To make my point clear: I am not going out spending money at bars, or on club entrance fees, or buying new clothing (except the dress which I couldn't avoid since it was hindering my professional progress), or buying new shoes, or eating at fancy restaurants, or heck, even eating at restaurants once a week, or going to the movies, or meeting up with friends, or doing ANYTHING that would constitute NOT working towards being a better singer, and finding a job and finding the money to keep up this career path, yet, I am STILL somehow not getting hired and not getting chosen for programs or concerts, or whatever else--you name it.

My point being- it seems an awful expensive endeavor to keep up, if, when I ask for people's help for free recital space for benefit recitals I get no responses, and then when I ask for help in general with anything, from postponing my coaching payments, to temporarily lowering my lesson payment costs, I just get laughed at.

Honestly, is there anything wrong with this picture?  I mean, it's not like I am running around asking everyone for help every month!  I am just asking for help now, when I could really use it, when I am completely at my wits' end in terms of figuring out what to do next, and when I honestly need people's help and support.  What kills me most, is that, it seems when people are used to helping someone, that person can ask for help as often as possible and still receive it, but when people are used to seeing someone support themselves and not ask for help, THEN when that person actually asks for help because they need it, it's never taken seriously.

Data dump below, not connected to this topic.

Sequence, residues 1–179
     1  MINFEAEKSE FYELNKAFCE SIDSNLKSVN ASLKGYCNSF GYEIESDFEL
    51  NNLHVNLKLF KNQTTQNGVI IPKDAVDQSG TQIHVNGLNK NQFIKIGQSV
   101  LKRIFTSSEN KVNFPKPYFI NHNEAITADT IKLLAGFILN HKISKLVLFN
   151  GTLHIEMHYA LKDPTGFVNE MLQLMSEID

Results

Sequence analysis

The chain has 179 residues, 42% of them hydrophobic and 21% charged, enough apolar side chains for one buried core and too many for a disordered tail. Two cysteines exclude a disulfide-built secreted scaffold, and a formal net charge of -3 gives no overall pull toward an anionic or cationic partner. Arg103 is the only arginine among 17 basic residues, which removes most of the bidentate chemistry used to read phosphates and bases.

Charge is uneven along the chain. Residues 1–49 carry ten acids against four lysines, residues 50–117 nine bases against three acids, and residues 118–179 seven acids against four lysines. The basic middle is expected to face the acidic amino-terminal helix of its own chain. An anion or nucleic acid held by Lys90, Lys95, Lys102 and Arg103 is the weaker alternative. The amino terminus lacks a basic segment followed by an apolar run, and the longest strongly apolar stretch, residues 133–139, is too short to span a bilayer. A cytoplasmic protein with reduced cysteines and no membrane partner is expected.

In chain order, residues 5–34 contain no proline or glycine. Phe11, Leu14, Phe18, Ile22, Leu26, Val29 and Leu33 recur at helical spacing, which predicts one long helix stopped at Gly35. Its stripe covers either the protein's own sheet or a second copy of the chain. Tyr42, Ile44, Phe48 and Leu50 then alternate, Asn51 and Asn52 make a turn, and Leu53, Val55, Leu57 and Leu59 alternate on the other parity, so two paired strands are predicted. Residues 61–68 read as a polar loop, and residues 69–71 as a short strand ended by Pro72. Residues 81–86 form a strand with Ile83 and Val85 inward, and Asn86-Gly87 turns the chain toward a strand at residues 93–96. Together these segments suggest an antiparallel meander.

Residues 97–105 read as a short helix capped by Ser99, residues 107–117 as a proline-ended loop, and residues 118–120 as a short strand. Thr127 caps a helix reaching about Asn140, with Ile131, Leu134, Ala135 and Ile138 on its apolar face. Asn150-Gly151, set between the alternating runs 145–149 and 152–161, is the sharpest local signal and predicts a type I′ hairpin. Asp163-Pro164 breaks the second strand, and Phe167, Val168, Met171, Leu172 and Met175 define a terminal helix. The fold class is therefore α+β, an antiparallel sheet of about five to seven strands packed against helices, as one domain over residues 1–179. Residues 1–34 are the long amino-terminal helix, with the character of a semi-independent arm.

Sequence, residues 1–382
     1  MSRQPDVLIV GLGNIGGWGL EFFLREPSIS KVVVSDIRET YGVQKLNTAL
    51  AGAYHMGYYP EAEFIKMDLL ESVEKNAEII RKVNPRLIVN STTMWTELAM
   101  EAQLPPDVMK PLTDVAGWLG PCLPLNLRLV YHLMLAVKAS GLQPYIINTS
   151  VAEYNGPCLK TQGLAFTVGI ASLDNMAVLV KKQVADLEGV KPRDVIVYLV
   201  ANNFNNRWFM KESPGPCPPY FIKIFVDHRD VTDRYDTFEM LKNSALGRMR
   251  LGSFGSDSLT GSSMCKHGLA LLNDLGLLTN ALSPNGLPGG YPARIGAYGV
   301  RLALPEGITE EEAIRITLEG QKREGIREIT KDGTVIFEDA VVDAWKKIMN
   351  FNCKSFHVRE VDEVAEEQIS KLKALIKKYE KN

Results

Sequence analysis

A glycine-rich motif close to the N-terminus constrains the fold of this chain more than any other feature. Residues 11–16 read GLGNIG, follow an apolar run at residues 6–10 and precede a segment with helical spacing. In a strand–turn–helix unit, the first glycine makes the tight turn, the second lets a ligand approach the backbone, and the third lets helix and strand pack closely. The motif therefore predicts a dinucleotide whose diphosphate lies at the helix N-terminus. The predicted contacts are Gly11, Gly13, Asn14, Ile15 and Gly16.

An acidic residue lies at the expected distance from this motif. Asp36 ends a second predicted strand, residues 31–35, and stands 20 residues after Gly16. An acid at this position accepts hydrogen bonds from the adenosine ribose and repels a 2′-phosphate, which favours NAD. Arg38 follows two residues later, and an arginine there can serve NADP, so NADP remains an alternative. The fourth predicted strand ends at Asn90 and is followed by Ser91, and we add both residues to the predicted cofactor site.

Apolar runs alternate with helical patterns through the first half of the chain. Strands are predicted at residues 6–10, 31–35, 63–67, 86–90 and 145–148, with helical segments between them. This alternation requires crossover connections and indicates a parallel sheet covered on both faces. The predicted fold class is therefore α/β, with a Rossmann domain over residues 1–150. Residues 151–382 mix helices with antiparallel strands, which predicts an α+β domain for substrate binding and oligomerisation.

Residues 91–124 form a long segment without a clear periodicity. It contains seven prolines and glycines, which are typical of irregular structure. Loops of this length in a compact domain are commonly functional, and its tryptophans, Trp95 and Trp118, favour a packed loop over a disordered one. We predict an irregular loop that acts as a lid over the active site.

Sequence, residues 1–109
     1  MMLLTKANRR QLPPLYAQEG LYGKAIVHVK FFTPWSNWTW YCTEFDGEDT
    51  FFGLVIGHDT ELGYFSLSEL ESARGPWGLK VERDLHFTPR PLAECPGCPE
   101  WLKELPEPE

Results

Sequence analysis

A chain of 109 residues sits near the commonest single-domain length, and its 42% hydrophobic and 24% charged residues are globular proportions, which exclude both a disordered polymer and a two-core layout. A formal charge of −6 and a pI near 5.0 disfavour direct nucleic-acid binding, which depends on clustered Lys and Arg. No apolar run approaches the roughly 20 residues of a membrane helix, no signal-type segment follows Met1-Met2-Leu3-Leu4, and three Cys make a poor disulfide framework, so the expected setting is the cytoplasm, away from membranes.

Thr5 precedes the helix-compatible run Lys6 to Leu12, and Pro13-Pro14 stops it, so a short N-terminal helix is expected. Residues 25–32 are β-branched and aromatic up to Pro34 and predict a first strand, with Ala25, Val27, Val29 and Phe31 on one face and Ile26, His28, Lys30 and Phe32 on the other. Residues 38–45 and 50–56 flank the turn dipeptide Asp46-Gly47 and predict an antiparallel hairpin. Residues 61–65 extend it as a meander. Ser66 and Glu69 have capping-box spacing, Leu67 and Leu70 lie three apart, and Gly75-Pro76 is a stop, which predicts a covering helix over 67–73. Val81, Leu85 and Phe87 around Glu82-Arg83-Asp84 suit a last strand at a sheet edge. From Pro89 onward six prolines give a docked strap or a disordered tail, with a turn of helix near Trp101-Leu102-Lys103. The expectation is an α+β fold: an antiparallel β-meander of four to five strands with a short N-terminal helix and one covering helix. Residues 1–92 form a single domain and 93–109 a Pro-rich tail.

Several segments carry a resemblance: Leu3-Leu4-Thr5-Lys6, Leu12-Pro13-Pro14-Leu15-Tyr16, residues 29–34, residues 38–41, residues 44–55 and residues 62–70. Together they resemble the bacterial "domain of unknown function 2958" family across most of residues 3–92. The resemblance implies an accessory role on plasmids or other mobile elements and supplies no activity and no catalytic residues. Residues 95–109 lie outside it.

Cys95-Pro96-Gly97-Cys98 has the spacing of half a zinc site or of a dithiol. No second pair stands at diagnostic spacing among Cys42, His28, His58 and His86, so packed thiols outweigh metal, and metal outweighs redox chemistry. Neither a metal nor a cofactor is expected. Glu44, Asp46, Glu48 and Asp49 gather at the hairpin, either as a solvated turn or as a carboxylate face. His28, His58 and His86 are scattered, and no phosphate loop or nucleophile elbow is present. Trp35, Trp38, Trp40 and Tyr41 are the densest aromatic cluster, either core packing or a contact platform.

So, here goes: one last time, to make it perfectly clear-----I NEED HELP, and I need your help to keep this career going.  I honestly have no shame any more in terms of this: I am willing to tell you all that I have literally $1,400.00 to my name and that's it.  And, $10,000.00 still of college loans (thanks a LOT conservatory!) to pay off which have just conveniently come out of forbearance!

If you have ANY ideas in terms of what I can do in order to find the money to pay for the two summer programs that I got accepted to this year (both very prestigious--IVAI and The Mozarteum in Salzburg) or know of anyone who does, PLEASE put them in contact with me asap!

Thank you for reading this and for sharing this with people who care.

Friday, February 18, 2011

Offenbach's Ritter Blaubart at Oper Dortmund (Click this title for link!)

Hi Everyone!

I am back writing about an Opera that I saw recently: no surprise, I am sure!  However, this particular opera was actually an 'Operetta' and, it was by one of my favorite composers, Offenbach.  I guess it's kind of uncommon for Offenbach to be categorized as 'favorite', but I really enjoy his compositional style.  It is never boring because there's always a catchy tune being sung or played, and there are undoubtedly tons of laughs with a witty and satirical libretto.  Offenbach was almost like the 'Educated' Musical Theater of yesteryear.

Anyway, back to the news about the show and how wonderful and funny it was.  I guess I just gave away my general opinion on whether or not I liked it, but I really do feel that it deserves more merit than just a couple of positive adjectives strung together.  First off, the sets were amazing.  I have to preface this with the fact the the Oper Dortmund has a very unique stage- it's actually a huge lazy susan--and for those of you who aren't familiar with that kitchen item of Mom's, then it's best possibly described as a Turntable (a.k.a.- a gigantic round disc that pivots on a central point).  Which, I must say, gives the Oper Dortmund really a lot of different possibilities for staging choices and set design.  And, in this particular production they used it to great acclaim.  They had a strip of grass (astroturf, actually) which was continuously running from left to right in the background of the first few scenes which didn't repeat itself because in this astroturf were 'mile markers' if you will, with town names on them and distances to the next town.  It was honestly very smartly used for comic effect when a few of the characters were supposedly traveling quite far in a horse and carriage (and therefore the mile markers told you just how far they actually 'traveled').